Misconceptions of Bats

Misconceptions of Bats

Jilene Jensen, Staff Writer

Bats are most commonly associated with Halloween and folklore. All bat species are associated with “vampire” bats. There are only three species of Vampire Bats. Bats are threatened and some species endangered due to habitat loss, building and development, Cat attacks, lighting, wind farms and wind turbines and white-nose syndrome. However due to fear bats are a very misunderstood creature. 


Bats and Rabies 

Bats get a bad name when it comes to rabies and take the blame for being a common species that has it. While bats can contract rabies it is only a very small percentage (less than 1%). Animals like raccoons, foxes, coyotes, skunks, and even cats and dogs are more common to contract rabies. According to an article from Merlin Tuttle’s Bat Conservation,“I have personally documented instances in which thousands, even millions of bats have been burned in their caves due to misleading warnings that incite needless fear.” Wildlife expert’s and vets do not recommend handling wildlife in case of undetected bites. If bitten get vaccinated and get the animal tested for rabies. If a bat looks ill/malnourished it does not mean that they have rabies.


Bats Betting Tangled in Hair 

A myth along with the saying “blind as a bat” is not an accurate portrayal of them. Just like dolphins and porpoises, bats use echolocation to find food, as well as having incredible eyesight in low light levels allowing them to get not tangled in hair. If a bat swoops by it usually mean that there is a bug near you and using its echolocation it will know that you are there.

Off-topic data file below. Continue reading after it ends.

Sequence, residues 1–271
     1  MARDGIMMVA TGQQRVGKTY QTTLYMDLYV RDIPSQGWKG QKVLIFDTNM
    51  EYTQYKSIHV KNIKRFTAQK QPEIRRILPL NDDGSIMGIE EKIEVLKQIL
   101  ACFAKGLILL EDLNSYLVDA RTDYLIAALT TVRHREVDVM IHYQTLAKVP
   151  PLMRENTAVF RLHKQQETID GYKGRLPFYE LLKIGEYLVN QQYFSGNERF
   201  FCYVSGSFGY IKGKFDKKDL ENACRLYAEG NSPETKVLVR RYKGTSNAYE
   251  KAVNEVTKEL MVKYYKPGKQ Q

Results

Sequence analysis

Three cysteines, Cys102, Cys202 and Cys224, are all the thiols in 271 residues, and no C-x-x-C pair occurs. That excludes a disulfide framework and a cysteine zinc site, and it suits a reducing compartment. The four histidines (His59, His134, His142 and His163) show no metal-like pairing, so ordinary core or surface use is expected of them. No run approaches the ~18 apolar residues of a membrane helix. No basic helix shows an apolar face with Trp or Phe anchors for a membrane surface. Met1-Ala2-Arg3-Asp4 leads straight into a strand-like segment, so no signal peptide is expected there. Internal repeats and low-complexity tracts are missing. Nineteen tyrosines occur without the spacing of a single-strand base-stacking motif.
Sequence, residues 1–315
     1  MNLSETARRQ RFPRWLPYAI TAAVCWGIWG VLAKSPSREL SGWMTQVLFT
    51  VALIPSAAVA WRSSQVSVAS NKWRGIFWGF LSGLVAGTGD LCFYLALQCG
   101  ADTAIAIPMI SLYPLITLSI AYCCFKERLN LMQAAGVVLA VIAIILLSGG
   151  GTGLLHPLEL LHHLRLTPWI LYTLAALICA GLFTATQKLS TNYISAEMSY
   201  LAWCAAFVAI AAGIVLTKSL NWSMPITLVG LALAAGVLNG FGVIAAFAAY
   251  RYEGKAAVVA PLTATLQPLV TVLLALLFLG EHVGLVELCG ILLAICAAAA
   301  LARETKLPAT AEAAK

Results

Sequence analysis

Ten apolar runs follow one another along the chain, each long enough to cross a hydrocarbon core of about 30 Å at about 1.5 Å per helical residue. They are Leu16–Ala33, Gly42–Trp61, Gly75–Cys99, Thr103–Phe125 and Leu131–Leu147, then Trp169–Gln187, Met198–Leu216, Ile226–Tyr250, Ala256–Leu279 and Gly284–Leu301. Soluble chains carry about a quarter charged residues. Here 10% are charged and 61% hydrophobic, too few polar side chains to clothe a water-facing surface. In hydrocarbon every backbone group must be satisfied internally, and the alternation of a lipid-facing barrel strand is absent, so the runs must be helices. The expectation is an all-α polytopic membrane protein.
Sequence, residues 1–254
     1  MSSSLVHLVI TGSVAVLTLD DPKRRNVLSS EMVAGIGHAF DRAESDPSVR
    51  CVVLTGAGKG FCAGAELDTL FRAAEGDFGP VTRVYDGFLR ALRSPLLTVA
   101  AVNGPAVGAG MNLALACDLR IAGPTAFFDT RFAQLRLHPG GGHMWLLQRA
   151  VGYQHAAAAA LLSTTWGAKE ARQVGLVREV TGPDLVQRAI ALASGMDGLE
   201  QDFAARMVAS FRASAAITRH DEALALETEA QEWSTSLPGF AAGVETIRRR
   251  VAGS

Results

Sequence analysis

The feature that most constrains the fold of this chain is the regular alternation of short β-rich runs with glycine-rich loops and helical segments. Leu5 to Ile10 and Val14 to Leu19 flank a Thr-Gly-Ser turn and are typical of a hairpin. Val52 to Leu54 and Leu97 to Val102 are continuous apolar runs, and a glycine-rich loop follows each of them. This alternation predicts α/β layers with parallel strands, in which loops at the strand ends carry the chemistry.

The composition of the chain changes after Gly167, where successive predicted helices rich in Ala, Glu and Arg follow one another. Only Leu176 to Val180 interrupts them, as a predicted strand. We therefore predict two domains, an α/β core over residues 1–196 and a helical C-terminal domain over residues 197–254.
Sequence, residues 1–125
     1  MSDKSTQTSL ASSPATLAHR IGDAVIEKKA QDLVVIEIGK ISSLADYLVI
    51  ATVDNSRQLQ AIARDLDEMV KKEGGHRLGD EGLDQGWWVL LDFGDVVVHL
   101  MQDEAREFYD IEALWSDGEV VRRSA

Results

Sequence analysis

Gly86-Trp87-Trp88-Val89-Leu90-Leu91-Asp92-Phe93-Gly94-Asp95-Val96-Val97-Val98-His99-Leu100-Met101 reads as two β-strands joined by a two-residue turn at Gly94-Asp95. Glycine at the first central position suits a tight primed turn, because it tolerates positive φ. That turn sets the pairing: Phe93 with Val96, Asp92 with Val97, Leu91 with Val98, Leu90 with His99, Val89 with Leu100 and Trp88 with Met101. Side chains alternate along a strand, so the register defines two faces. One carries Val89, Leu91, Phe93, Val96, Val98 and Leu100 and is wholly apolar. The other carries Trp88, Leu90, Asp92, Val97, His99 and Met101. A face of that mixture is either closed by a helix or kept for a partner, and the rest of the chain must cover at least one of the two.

Bat Facts 

  1. Just like any animal, bats can be trained
    1. In zoos, bats are usually trained for health evaluations resulting in causing less stress on the animal. Target training and giving them their favorite food when they do what the trainers are teaching them are the methods used.
  2. There is a possibility that fruit bats/Flying Foxes are primates 
    1. Their brain has a similar structure of the neurons to the brain of both humans and primates, according to Bat Conservation International
  3. They can live up to 40 years
  4. Do used to be classified by their coat color


Why They Need Protection

  1. Bats keep bug populations to a minimum.
    1. Bats have a mosquito-based diet and can eat 6,000 to 8,000 bugs a night.
  2. They are pollinators
    1. Bats pollinate when they fly into a flowers trying to catch an insect 
  3. They are important to both urban areas and ecosystems
    1. Bats help spread pollen and keep bug populations down. Which saves 53 million dollars on pesticides each year.



If students want to get into bat conservation it would be helpful to know some of the Strategies used and how to get into the field before going into it. Some of the Conservation Strategies from Bat Conservation International:

  • Identify, prioritize and begin conserving the world’s most “ Significant Bat Areas.”
  • Respond strategically to broad, irreversible threats that impact bats at multiple locations around the world.
  • Create the first actionable global bat inventory and conservation database


How to Help them 

According to an article from the Oregon Zoo here are some things that students and their families can do to help. 

  • Build a Bat Box
    • A bat box/house is a wooden structure the size of a suite case that allows bats to roost during the day or hibernation and recover from an illness 
  • Go pesticide free
  • Leave snags standing